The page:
Happy kids,
happy parents

Whether travelling together or not, parents are more health-conscious, aware and concerned about the sugar content in the confectionery they give to their children.

They are looking for ways to contribute to their kids’ development and cues such as ‘learning through play’ pique their interest. Parents want to treat their kids without feeling guilty, so buying any confectionery their kids want – just to keep them quiet during a journey – is becoming less relevant.

For this sales driver to gain momentum, a combination of the following boxes need to be ticked: right-sized packs;

ingredients with appropriate nutritional requirements and allergen free; possible toy or activity included to create a fun factor; a treat that is easily portioned or individually wrapped into small portions.

Barriers to making a purchase include treat sizes that are too large to control the quantity consumed; too much fat and/or sugar in the product or conversely that a ‘healthier’ treat option may not be fun or tasty; or simply that parents completely skip the confectionery aisle to avoided being nagged.

Products with a win/win
of ‘treat/taste’ vs ‘health’ with an additional engagement factor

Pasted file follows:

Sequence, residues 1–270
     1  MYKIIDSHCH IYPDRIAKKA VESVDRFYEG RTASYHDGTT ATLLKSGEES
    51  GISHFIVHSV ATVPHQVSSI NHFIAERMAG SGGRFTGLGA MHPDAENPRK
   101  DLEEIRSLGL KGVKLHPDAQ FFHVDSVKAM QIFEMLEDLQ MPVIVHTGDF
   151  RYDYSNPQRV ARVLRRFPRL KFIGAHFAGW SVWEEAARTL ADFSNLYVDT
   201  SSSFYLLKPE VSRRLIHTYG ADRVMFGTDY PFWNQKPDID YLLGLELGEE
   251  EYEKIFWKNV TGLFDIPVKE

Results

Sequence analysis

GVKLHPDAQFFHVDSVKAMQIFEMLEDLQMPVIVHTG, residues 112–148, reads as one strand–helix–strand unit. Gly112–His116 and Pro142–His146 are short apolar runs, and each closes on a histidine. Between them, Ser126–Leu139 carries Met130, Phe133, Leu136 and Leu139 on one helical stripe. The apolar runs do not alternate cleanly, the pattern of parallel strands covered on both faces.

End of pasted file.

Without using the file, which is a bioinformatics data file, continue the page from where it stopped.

Nestlé International Travel Retail has identified Healthy Progressives, Energetic Occasionalists and Family Enthusiasts (family, extended family and close friends giving to children aged 6 to 12) as the target shoppers in its segmentation.

Travel retailers satisfying the key parental demand for finding treats their kids will love while being confident that they are not over-indulging them or giving them too much of a bad thing are the keys to maximising this driver’s potential, says Nestlé.

Consumer insights

  • Adults are more likely to visit a duty free shop when travelling with children (48% of travellers with children versus 41% of travellers without children)
  • Travellers with children visit more categories (on average three)
  • A higher percentage of travellers with children purchase in airport shops (37% versus 28%)
  • Travellers with children tend to spend significantly more than those without (US$204 versus US$160)
  • Parents have a favourable view of smaller portions that allow controlled consumption or lower-sugar products
  • Parents travelling with kids look for items that include elements for immediate play during travel or for toys that create a ‘wow factor’ back home

Spotlight Series

December 2019

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